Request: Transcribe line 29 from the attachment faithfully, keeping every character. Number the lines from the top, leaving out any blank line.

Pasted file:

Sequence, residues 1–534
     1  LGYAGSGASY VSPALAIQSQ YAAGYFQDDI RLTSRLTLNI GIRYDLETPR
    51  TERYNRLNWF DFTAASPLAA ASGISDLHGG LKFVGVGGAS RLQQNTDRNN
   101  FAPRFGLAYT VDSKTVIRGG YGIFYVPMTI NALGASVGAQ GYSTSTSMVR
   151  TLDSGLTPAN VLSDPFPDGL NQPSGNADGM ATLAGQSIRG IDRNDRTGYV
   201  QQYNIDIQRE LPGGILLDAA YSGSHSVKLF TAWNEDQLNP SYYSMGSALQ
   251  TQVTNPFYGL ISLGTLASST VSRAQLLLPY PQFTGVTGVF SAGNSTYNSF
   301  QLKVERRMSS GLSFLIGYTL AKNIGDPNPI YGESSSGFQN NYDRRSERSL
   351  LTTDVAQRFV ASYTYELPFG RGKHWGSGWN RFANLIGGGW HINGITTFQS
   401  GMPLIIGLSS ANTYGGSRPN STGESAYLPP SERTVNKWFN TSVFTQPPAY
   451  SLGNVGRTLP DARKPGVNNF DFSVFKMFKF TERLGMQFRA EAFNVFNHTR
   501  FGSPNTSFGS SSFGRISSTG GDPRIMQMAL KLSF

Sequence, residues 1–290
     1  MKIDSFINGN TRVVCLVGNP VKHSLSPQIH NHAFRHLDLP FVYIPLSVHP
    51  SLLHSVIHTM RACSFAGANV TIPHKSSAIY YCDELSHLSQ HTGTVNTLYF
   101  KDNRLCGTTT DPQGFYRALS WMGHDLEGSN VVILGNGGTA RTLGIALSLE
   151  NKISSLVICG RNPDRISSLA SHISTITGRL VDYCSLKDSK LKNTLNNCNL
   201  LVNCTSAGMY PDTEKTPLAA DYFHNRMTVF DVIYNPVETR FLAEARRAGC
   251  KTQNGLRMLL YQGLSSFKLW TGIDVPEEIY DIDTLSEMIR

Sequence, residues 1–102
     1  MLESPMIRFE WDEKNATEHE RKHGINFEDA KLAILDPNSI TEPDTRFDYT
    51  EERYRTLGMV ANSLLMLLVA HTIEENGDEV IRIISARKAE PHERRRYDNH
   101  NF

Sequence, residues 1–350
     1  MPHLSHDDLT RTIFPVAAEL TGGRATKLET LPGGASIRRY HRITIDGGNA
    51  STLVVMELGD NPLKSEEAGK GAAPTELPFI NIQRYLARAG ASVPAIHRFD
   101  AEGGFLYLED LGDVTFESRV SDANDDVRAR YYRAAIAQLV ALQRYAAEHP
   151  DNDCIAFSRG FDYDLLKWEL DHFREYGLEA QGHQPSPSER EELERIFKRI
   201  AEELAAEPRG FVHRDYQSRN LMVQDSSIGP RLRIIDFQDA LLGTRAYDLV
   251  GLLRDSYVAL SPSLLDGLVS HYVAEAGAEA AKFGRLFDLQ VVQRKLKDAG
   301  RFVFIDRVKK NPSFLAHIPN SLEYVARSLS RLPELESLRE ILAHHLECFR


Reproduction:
   201  AEELAAEPRG FVHRDYQSRN LMVQDSSIGP RLRIIDFQDA LLGTRAYDLV